5. If you prefer, shape the dough into crescents: Roll out one piece of dough to an approximately 12-inch circle. Spread with a thin layer of garlic-herb butter. Cut the dough into 16 wedges and roll each, from the wide end into a crescent shape. Place on a parchment-lined baking sheet, with the point of each roll tucked securely underneath. Sprinkle some shredded cheese over top of each roll, cover loosely with plastic, and let rise for about 20 minutes. When puffy and light, place in the preheated oven and bake until golden brown, about 15 minutes.
  6. If you have any garlic-herb butter leftover, spread it on the warm rolls when you serve them. To freeze the rolls, let them cool completely and place in freezer bags. Warm the frozen rolls in a 325° F oven to heat and refresh them.
Food52 Tip
These freeze beautifully: Bake, freeze, then thaw & reheat in the oven.

Blue Cheese Potato Chips

Funky blue cheese sauce poured over salty chips & broiled till bubbly.
by Catherine Lamb | Serves 4 to 6
  • 1 cup blue cheese, crumbled
  • cup heavy cream
  • 1/2 cup milk
  • 1 bag sturdy potato chips, I like Cape Cod
  •  Black pepper
  1. Turn your oven on to Broil.
  2. Heat cream, milk, and blue cheese in a saucepan over low heat until the blue cheese just dissolves.
  3. Spread the potato chips out on a lipped sheet pan -- line it with a sheet of parchment paper or a silpat to help with cleanup later.
  4. Pour the cheese mixture over the potato chips, sprinkle with freshly ground black pepper, and broil in the oven until the sauce is bubbly and bronzed in parts. Serve alongside napkins.
Food52 Tip
Feel free to add a little more milk or cream to the sauce if you want a gooier end result.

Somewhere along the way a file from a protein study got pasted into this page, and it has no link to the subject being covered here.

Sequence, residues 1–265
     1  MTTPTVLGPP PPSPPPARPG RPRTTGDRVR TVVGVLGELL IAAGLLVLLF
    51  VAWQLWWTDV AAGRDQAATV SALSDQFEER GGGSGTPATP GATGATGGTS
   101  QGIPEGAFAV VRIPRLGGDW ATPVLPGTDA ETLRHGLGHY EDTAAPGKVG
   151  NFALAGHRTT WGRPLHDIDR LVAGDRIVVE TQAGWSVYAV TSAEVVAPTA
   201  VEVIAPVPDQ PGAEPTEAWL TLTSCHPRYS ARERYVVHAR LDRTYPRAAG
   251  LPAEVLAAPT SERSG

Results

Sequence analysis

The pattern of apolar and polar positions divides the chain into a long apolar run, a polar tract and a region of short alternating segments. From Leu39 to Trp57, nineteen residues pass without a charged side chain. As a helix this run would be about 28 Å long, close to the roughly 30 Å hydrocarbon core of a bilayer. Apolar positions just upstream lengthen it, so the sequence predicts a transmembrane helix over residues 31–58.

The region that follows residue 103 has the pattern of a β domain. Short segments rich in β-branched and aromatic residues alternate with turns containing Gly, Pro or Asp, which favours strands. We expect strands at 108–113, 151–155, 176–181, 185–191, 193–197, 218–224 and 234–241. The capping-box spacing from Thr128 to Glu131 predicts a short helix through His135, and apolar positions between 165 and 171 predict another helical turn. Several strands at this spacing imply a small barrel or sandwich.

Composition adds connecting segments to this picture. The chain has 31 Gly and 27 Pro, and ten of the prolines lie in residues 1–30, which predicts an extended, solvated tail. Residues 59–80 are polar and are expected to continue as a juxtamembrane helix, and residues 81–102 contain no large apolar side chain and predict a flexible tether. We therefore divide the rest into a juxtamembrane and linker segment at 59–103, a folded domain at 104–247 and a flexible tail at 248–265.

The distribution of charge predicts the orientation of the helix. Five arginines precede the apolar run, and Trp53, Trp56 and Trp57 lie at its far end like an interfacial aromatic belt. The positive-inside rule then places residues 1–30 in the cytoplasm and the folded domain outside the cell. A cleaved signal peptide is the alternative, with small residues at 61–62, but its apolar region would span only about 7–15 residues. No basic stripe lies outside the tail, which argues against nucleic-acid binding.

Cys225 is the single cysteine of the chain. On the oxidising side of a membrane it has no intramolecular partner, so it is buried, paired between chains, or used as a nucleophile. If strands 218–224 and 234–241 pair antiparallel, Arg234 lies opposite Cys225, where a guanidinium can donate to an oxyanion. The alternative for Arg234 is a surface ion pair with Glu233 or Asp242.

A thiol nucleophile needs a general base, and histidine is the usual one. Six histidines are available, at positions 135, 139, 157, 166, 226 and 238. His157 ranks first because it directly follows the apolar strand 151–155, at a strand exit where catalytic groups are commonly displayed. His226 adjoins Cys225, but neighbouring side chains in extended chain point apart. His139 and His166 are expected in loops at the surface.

8-Layer Orange-Scented Smith Island Cake

If you choose to make this, you may or may not be a masochist.
by Food52 | Makes 1 layer cake; 12 servings
For the cake batter:
  • 3 1⁄3 cups (465g) all-purpose flour
  • 2 1⁄3 cups (465g) granulated sugar, divided
  • 2 teaspoons baking powder
  • 1 teaspoon kosher salt
  • 1/2 teaspoon baking soda
  • 1/2 cup plus 5 tablespoons (190g) unsalted butter, melted
  • 1/4 cup extra-virgin olive oil
  • 1 cup whole milk
  •  Zest of 1 large orange
  • 1/3 cup fresh-squeezed orange juice
  • 1 tablespoon vanilla extract
  • 4 large eggs, separated, plus 4 large egg yolks
  • 1/4 teaspoon cream of tartar
  1. Preheat the oven to 350°F. Coat two to four 9-inch round cake pans (depending on how many you have) with cooking spray, then line the bottom of each pan with a round of parchment paper and lightly spray the paper.
  2. Combine the flour, 2 cups (400 g) of the sugar, the baking powder, salt and baking soda in a medium bowl. Vigorously stir with a balloon whisk until the ingredients are well distributed. In a separate bowl, combine the butter, oil, milk, orange zest, juice, vanilla, and the 8 egg yolks. Using a whisk, vigorously stir the wet ingredients together until they are uniform in colo